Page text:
A year has passed since David Weeks branched out from Brooklyn to Manhattan with a standalone atelier in Tribeca that is part design studio, part showspace for one-of-a-kind prototypes, collaborations, and work from other artists. The designer—of stunning lighting, fluidly formed furniture, and craggily adorable wooden creatures—is marking the one-year anniversary with this most delightful visit to the neighborhood, produced by Optic Films.
The Walker Art Center is celebrating its 75th anniversary with a series of exhibitions and programs that highlight the institution’s distinctively curious ways. In less than three minutes, the below video rounds up 75 such questions in evocative, inspiring fashion. Those seeking answers can head to the Walker’s mesmerizing 75th anniversary website or Minneapolis, where Art at the Center: 75 Years of Walker Collections, a special exhibition studded with greatest hits such as Edward Hopper’s Office at Night (1940), Franz Marc’s The Large Blue Horses (1911), Chuck Close’s Big Self Portrait (1967-68), and Yves Klein’s Mondo Cane Shroud (1961), is on view through September 11, 2016.
Earlier this month, amidst news of Apple’s Newsonian hire and breathless anticipation of streamlined, possibly wearable gizmos to come, Rob Walker had but one Cupertino-themed wish: “I didn’t want to guess what the company would release. New iPhone, iWatch, iEggBeater, who cares?” wrote the journalist in a Yahoo Tech column. “I just wanted Jony Ive—Apple’s staid, British design honcho—to tell me how amazingly magical it is.” He soon got his wish, as Ive waxed poetic about the “completely singular” Apple Watch in a launch video. And so Walker kept right on wishing, this time in the form of a tweet:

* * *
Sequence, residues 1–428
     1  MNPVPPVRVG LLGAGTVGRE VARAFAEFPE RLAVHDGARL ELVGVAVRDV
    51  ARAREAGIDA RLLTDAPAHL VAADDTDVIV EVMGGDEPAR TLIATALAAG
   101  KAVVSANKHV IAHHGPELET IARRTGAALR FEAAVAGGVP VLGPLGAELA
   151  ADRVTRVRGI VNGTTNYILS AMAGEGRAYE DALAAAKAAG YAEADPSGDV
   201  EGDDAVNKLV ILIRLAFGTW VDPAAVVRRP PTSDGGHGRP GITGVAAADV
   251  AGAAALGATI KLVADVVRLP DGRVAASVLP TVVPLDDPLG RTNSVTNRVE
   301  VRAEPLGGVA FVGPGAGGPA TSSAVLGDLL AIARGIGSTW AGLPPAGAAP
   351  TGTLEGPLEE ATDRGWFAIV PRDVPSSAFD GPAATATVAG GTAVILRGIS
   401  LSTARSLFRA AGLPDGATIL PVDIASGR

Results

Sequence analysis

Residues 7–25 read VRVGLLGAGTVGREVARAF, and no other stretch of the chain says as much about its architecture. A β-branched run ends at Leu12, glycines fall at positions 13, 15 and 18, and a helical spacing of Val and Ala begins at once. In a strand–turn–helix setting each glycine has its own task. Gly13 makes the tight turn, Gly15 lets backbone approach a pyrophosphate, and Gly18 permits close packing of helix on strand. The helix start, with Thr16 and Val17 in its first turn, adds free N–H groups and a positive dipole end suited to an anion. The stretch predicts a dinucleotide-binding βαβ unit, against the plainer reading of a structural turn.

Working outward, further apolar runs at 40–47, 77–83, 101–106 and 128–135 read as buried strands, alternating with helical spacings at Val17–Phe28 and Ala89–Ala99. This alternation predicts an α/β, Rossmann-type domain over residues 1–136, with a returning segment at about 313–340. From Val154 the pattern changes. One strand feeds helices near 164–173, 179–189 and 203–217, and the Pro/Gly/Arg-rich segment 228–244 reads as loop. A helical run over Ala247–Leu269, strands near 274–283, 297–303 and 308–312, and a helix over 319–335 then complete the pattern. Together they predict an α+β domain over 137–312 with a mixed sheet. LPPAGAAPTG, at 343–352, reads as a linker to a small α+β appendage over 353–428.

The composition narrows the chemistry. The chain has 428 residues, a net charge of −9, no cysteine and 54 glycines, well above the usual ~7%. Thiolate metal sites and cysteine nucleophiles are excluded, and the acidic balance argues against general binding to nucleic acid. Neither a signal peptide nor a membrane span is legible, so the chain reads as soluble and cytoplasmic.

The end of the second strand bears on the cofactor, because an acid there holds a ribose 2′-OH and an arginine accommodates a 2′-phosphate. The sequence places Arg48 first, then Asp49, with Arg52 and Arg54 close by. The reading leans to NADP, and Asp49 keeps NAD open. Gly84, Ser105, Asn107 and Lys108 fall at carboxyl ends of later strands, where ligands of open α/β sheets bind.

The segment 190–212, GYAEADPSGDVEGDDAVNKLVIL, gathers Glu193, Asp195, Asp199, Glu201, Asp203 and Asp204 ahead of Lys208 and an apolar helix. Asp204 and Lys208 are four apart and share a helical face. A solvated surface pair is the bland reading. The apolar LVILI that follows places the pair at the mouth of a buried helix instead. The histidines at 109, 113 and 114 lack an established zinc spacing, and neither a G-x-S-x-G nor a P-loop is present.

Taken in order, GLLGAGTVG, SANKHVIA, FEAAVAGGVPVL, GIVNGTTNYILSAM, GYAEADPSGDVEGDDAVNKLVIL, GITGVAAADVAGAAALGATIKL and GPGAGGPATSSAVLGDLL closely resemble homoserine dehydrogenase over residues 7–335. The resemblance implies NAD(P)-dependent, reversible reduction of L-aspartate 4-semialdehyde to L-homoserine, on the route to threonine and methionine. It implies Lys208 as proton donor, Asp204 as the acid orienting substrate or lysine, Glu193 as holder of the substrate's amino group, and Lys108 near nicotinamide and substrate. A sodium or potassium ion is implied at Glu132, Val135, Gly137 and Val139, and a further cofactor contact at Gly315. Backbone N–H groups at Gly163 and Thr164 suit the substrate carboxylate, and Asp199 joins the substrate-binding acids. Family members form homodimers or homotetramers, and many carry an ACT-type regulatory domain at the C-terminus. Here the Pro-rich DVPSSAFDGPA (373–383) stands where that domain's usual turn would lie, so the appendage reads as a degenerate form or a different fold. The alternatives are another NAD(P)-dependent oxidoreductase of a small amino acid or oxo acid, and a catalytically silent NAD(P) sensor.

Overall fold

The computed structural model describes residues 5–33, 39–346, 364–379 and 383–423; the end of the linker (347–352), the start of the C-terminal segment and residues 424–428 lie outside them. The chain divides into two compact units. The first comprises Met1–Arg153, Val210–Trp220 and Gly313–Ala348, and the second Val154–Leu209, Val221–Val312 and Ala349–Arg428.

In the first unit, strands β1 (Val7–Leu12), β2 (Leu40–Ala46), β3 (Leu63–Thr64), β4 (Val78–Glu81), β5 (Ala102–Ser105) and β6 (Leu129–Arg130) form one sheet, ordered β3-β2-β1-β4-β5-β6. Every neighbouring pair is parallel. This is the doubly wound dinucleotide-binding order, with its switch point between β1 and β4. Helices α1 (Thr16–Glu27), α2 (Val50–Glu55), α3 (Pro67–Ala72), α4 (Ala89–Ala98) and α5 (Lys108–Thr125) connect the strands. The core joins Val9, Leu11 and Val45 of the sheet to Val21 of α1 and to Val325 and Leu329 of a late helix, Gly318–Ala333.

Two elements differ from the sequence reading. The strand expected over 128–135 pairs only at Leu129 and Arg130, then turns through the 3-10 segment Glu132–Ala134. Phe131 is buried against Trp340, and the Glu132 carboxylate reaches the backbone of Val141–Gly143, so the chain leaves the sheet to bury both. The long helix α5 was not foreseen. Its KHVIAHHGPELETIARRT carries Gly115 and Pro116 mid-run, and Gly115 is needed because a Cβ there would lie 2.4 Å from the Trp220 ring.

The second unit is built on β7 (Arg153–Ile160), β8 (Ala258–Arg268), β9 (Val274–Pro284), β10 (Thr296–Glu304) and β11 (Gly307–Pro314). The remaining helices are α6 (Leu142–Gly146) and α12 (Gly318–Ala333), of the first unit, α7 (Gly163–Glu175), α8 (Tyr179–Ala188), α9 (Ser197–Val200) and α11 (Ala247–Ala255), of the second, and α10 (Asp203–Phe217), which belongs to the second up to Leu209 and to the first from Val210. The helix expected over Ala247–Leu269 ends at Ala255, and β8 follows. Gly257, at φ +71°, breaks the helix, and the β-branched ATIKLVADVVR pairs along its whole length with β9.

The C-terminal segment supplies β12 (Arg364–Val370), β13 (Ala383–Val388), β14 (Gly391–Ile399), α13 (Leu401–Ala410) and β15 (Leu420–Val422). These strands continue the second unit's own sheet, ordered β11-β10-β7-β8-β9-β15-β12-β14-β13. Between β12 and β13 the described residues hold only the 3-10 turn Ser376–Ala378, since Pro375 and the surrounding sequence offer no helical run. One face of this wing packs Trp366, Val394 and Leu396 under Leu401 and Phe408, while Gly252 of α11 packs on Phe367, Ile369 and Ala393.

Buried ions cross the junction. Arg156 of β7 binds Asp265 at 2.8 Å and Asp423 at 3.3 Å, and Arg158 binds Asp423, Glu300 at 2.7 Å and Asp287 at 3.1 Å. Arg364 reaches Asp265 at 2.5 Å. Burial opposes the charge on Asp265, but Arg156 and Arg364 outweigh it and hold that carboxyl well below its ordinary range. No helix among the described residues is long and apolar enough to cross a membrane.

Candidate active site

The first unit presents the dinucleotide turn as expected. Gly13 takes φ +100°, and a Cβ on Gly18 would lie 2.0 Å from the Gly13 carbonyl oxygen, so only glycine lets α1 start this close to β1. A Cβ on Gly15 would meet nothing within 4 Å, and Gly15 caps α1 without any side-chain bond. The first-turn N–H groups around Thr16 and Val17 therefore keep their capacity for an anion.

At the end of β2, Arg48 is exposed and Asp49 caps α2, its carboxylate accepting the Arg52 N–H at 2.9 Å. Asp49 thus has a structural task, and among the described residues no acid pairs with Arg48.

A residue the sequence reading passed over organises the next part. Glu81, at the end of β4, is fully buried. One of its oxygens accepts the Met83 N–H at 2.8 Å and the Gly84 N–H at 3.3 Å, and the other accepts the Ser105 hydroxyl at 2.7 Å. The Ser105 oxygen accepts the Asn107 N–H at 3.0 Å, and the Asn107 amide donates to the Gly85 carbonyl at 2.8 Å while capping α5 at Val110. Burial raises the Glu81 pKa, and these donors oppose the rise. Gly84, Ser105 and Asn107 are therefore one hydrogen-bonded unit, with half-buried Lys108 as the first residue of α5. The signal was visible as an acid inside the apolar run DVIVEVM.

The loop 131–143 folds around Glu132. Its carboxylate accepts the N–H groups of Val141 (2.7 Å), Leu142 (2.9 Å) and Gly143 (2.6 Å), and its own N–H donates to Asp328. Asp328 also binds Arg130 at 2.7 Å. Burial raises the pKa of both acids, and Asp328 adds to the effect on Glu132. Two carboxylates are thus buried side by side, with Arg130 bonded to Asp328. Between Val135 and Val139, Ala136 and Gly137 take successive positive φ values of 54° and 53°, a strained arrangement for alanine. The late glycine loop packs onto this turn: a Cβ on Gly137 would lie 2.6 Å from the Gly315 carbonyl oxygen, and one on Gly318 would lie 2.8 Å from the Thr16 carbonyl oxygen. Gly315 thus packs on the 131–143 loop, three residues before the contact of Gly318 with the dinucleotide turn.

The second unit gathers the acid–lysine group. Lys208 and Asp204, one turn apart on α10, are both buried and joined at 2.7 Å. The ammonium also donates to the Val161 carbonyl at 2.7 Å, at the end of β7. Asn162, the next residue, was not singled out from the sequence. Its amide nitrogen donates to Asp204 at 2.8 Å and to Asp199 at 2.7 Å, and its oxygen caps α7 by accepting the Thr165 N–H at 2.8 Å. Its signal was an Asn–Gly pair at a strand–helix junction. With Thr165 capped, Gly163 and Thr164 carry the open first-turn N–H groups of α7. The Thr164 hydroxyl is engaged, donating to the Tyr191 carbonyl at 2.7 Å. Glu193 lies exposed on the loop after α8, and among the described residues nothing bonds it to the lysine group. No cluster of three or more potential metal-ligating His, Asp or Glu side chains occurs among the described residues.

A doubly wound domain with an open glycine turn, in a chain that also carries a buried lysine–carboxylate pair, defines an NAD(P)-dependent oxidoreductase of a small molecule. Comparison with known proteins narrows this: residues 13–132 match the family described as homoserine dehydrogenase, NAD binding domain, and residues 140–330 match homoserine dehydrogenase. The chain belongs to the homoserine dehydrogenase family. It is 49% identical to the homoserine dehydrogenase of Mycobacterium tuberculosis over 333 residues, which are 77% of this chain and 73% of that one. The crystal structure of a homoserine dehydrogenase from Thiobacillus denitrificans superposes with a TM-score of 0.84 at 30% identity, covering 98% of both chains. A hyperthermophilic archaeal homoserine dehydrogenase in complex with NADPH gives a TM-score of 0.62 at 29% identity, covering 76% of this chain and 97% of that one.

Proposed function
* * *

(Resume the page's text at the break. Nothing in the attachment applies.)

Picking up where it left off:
Once again, the universe has answered, this time in the form of a video (below) created by the Dublin-based creative crew at Army of Id (“Saving the world one frame at a time”). “[It's] a short, supercut-style compilation of fourteen years of Jony Ive earnestly telling us the latest Apple iThing is ‘simple,’ ‘smaller,’ ‘intuitive,’ ‘powerful,’ over and over, in a series of v-neck tees,” Walker tells us. “I wonder if there is another designer who could inspire such a thing?”
Before we could say “Gelato Fiasco,” Elegantissima: The Design and Typography of Louise Fili had opened and closed at the Art Directors Club in NYC. If you missed the show’s two-week run, which wrapped up Friday in a evening pleasant prosecco haze, all is not perso. The series of thematic interiors, designed by the incomparable Kevin O’Callaghan and sure to inspire a run on violet-hued fainting couches, live on in a short film (below). We suggest following this taste of Fili’s brand of la dolce vita with her stunningly beautiful new book, Grafica della Strada: The Signs of Italy, published earlier this month by Princeton Architectural Press.
Why settle for an ordinary vacation home when you can have a “baroque event”? Frieze recently visited artist Pablo Bronstein—who you may recall from the mythical architectural history of the Metropolitan Museum of Art that he conjured in 2009—on the east coast of Kent, England, where he is embracing a “mid-century, slightly granny” aesthetic and the “pleasurable mess” of baroque architecture. “I think that it has no shame,” he says. “Baroque architecture does everything it possibly can to appeal, to amuse, to impress, to show off, to seem heavy or grand or important. It’s really sort of desperate architecture.” Watch Bronstein discuss art, architecture, taste, and the playful pathos of postmodernism.